UK sees beginning of recovery in construction

The recession in the UK was not as deep as previously feared between April and June, official figures confirmed today.

UK output shrank by 0.6% during the quarter - the second upward revision to official figures since July - the Office for National Statistics (ONS) said.

A better-than-expected performance from the construction industry was behind the latest revision, but the economy has shrunk 5.5% since the second quarter of 2008.

Despite the upward revision to the second-quarter figures, they nonetheless showed output declining at a time when other major economies such as France and Germany were pulling out of recession.

The ONS also revised down its estimates for the first three months of this year to show a deeper 2.5% decline at the worst point of the slump - confirming it as the worst since 1958.

Official growth estimates for 2008 as a whole were meanwhile lowered from 0.7% to 0.6%.

There was also evidence of families rebuilding their finances in the recession with the household savings ratio hitting 5.6% - the highest for more than five years.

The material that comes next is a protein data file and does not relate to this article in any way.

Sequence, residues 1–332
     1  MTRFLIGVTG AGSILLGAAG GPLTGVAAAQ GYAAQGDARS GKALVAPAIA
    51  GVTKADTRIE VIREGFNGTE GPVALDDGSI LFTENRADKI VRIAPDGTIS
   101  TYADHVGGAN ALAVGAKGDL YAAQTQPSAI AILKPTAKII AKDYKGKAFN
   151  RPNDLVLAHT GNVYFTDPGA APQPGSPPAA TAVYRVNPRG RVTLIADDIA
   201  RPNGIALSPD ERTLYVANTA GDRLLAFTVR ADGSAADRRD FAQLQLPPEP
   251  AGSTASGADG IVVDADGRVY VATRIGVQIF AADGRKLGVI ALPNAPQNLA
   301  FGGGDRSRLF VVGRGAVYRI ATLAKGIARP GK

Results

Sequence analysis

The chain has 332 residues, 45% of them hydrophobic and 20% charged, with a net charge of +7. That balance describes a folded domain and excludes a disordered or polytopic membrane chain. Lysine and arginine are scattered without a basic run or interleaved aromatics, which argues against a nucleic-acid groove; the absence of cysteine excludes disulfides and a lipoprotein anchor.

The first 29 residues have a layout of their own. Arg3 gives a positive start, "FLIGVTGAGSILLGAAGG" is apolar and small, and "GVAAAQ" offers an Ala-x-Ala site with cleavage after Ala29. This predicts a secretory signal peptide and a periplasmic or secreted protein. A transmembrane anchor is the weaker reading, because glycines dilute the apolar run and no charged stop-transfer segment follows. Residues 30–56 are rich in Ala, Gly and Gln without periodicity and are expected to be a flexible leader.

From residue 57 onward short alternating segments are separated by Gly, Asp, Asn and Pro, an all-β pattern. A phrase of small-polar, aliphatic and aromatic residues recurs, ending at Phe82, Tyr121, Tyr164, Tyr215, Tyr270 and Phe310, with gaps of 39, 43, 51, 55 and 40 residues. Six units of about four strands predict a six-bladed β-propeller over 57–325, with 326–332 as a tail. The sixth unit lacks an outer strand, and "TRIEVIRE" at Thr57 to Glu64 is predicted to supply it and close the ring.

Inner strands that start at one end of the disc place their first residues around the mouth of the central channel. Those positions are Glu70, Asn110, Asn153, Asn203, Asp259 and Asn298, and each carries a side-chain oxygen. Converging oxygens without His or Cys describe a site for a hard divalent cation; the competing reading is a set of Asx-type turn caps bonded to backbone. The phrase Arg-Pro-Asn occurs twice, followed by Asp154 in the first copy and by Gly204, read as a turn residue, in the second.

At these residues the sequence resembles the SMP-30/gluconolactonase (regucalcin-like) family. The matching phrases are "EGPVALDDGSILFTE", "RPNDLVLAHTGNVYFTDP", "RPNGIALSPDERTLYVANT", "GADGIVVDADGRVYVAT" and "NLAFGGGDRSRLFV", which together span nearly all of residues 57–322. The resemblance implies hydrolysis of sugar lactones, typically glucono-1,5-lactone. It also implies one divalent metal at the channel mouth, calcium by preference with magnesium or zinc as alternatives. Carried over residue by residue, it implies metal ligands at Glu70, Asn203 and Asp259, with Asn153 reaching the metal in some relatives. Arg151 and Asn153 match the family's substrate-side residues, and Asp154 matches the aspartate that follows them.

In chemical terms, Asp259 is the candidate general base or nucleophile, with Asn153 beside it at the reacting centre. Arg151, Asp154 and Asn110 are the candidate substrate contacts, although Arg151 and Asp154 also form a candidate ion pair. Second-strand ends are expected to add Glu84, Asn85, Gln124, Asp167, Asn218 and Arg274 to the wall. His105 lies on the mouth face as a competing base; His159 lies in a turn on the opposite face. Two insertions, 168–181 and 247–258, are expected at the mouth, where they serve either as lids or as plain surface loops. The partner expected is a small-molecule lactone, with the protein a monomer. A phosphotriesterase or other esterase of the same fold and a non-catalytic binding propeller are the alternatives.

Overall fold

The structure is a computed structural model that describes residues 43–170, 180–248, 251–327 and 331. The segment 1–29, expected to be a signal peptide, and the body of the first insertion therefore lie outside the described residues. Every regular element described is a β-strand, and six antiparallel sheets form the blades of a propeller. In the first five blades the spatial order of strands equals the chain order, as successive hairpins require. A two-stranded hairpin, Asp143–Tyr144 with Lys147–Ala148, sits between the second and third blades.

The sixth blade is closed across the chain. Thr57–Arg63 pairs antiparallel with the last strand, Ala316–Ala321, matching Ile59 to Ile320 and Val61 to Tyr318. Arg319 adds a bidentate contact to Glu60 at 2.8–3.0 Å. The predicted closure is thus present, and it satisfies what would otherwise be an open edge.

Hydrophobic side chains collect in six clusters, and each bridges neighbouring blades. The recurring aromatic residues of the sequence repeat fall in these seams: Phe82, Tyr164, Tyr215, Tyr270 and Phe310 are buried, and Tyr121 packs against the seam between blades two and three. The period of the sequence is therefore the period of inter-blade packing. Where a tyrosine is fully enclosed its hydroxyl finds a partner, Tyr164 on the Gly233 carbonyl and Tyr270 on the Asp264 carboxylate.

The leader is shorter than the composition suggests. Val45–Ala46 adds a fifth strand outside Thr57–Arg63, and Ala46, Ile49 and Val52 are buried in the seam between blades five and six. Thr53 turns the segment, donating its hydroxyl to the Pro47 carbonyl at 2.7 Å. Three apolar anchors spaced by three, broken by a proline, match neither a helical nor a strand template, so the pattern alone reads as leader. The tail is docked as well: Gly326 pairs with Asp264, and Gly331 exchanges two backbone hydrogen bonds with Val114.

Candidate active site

Saving rates have been steadily increasing since the onset of recession - after briefing turning negative for the first time at the beginning of 2008 - as households build up a buffer against the threat of unemployment.

But the measure still has some way to go to reach the double-digit saving rates common in the 1990s following the last recession.

Capital Economics' Vicky Redwood said: "At least the consumer sector appears to be on a firmer footing ... But (the saving rate) is still well below its long-run average and we think the consumer adjustment has further to go."

She added the figures highlighted the "fragility" of the recovery, with overall improvement in output during the second quarter of this year "marginal compared to the huge amount of spare capacity building up".

More in this Section

Covid-19: Ryanair to take €300m hit, but still in profitCovid-19: Ryanair to take €300m hit, but still in profit

Dire US jobs numbers drive further selloff for global markets amid Covid-19 falloutDire US jobs numbers drive further selloff for global markets amid Covid-19 fallout

Pressure builds on insurer FBD over dividend payout amid Covid-19 crisisPressure builds on insurer FBD over dividend payout amid Covid-19 crisis

Penneys owner cuts executive salariesPenneys owner cuts executive salaries


Cork architect Loïc Dehaye tells Eve Kelliher how he created his dream home from a blank canvas.'It was like this house was waiting for us': Cork architect talks creating his dream home

Keeping to a routine can be difficult for people in quarantine.Life on the inside: 10 ways to start your day right in lockdown

Who needs a gym when you can look in your kitchen cupboards for equipment instead?Don’t have weights for working out? These household objects will do the trick

There are some seriously spectacular shots.Discover America from the air thanks to this breathtaking aerial footage

More From The Irish Examiner